A much deeper problem is that, simply as a Christian theology, the late antique synthesis is not impressive. The key diagnostic question for any theology is: “what is the Good News about Jesus that this theology proclaims?” The Good News of the permeative tradition is clear: that God is going to allow us to “work out our salvation”. God will get the ball rolling, and now we just need to embark on a program of exercise, virtue and obedience to complete what God started. In effect, God has set up creation as a great spiritual contest (the Greek agon), which he has graciously allowed us to enter. And the reward, for the willing/worthy? To share in his honour and glory. God is a kind of Greco-Roman master of the games.

At first, this synergistic view appears quite positive and affirming, even flattering (and indeed, the permeative tradition inclines to a kind of anthropolatry). It’s all about our improvement and empowerment. But it doesn’t take long to realize that this comes at a terrible price.

There are two things any Christian synthesis needs to convey: 1) God’s work of total and unconditional grace and love; 2) an honest, unflinching recognition of the depths of sin and misery that humans endure. But the late antique synthesis is weak on both counts. In the permeative tradition, God’s love always comes with conditions (e.g., our performance, ascetic struggle, or assent) and his gift is always dependent upon our reception, response and gratitude. Similarly, sin is constantly downplayed as a humanly-curable state against which we can prevail if we but try.

It doesn’t take too much life experience to figure out that both of these messages are very Bad News. In fact, as Luther long ago realized, if you take this permeative tradition to heart, it is only a matter of time before you feel yourself to be in a state of constant condemnation, and you begin to secretely hate and despise God. How could a merciful God make our eternal salvation dependent upon our wills and performance? The weakness and hopelessness of both are manifest. How could a good God ignore our experience of the overwhelming and inexorable power of sin and suffering – and then, in effect, blame it on us, on our lack of effort, and still demand gratitude and praise? And how could a loving God treat us as participants in some cruel contest for his approval and salvation?

All of this is perverse and grotesque. Most humans treat their children better. Why can’t God?

But in the end, such a God is not the God of the Gospel, whose face should only ever be that of Jesus crucified and risen “for me”. Instead, the face of this so-called god is that of a cruel Roman judge, greedy for power and glory, wrathful, and always demanding the performance of duties from his “clients” to maintain his good will. This “god” can never give us anything but fear and new ways to fail him.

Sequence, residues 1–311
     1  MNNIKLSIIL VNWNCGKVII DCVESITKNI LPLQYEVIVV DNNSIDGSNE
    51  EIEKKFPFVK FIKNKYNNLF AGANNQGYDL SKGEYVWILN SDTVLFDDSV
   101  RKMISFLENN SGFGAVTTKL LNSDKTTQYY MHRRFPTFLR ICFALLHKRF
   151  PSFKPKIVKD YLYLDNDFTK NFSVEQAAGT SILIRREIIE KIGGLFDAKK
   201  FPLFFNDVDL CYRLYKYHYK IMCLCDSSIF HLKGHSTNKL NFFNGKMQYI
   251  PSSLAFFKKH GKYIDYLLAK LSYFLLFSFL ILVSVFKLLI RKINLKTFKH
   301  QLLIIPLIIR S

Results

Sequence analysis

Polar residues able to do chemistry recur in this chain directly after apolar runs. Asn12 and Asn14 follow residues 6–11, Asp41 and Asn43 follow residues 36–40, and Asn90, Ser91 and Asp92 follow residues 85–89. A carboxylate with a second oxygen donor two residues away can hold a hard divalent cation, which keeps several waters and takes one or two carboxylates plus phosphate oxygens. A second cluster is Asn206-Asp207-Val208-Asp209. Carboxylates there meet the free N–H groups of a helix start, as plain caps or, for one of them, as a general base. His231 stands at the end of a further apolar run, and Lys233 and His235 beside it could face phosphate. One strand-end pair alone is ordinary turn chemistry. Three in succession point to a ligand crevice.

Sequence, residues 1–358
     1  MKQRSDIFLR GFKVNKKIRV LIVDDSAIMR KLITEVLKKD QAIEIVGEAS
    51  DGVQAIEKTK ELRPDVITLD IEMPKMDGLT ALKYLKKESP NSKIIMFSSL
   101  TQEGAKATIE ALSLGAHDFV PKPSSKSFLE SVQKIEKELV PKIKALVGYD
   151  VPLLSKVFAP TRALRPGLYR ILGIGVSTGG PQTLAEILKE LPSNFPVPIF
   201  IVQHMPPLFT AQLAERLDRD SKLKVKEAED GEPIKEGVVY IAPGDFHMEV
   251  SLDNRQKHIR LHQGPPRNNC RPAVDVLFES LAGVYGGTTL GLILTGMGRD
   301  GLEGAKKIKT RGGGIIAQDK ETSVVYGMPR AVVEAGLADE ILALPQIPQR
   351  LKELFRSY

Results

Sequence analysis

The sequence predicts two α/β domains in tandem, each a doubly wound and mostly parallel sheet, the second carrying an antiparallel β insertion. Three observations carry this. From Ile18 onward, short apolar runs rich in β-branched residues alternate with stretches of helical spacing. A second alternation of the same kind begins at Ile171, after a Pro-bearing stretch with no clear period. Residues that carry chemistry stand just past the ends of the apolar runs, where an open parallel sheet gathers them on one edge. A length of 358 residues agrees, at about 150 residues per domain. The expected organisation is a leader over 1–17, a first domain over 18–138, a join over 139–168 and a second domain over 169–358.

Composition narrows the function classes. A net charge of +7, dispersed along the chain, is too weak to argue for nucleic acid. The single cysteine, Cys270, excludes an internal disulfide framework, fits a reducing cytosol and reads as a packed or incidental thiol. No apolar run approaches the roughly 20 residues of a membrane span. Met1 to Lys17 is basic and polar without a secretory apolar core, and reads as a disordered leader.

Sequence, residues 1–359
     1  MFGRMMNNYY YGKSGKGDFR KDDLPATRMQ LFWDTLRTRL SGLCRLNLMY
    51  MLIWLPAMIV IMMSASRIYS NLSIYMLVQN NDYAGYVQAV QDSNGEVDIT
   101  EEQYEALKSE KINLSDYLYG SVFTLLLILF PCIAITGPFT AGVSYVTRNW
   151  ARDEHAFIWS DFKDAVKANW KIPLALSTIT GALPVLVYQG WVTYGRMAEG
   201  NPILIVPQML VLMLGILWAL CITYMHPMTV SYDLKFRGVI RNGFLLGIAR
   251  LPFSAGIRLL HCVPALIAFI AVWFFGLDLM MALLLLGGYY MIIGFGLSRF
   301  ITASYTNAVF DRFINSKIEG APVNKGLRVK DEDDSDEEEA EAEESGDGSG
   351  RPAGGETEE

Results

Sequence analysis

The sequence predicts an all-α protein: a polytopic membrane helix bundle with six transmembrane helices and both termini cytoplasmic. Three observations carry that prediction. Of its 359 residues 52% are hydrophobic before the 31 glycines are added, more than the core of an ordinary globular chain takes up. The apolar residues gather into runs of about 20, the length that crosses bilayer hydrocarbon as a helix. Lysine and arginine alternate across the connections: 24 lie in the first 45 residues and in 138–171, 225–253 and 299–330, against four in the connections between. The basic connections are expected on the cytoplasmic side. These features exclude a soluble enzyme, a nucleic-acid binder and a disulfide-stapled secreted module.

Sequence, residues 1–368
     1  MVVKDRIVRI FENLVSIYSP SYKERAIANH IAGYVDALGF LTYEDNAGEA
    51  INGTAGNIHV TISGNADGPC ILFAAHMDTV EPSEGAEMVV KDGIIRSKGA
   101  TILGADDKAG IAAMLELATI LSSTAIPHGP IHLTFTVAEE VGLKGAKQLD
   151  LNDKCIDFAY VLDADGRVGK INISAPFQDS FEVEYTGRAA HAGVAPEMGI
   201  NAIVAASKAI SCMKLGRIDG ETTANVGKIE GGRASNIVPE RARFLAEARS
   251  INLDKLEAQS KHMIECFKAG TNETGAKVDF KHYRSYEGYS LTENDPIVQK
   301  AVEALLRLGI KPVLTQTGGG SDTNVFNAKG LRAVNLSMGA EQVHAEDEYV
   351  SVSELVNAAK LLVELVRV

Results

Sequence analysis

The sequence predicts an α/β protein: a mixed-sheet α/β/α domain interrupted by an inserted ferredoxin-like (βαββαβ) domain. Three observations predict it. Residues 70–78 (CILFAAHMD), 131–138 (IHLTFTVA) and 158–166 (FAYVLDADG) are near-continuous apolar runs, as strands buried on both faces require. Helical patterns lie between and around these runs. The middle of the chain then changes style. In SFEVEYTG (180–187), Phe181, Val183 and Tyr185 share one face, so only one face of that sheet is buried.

This eclipsing of the face of Jesus in our image of God is part of another, broader theological weakness of the permeative tradition: the strangely minimized position of Jesus and his work. It is striking how, in classic permeative theologies, Jesus becomes merely one figure in a long “salvation history”, where a more generic “God” (the Father) is the key actor. Jesus’ role in salvation is mostly instrumental. He becomes, basically, God’s means for effecting our salvation. Further, Jesus only really initiates salvation – his real role is to enable our salvific work. Jesus plays the opening act to our headlining performance!

But this understanding of Jesus is much too weak for the Gospel. Jesus isn’t a secondary actor, and he isn’t an instrument; Jesus manifests definitively and centrally who God is. And Jesus accomplishes everything for our salvation. He is not a mere means for enabling our action.

So the permeative tradition is actually a pretty brutal theological fail. Traditionalists are endlessly upset by Luther’s “arrogance” in his excoriation of the old tradition; but I think when you consider the depths of the traditional theology’s error, Luther’s anger was well placed, and long overdue. How could Christians perpetuate such a cruel and vicious theology for so long? And allow Jesus to become so oddly marginalized? Our indignation should be directed at the structures and habits that have made us persist in this error for centuries.

Today, if people need Good News, they need actual Good News, not the “Good News” of the church-as-Greco-Roman-arena overseen by Caesar-Judge-God. And so I think it is virtually assured that the churches of Reformation 2.0 will, out of necessity, reject the permeative tradition. This synthesis simply can’t convey the Gospel.

The Holiness Problem

There is one other important weakness of the permeative tradition.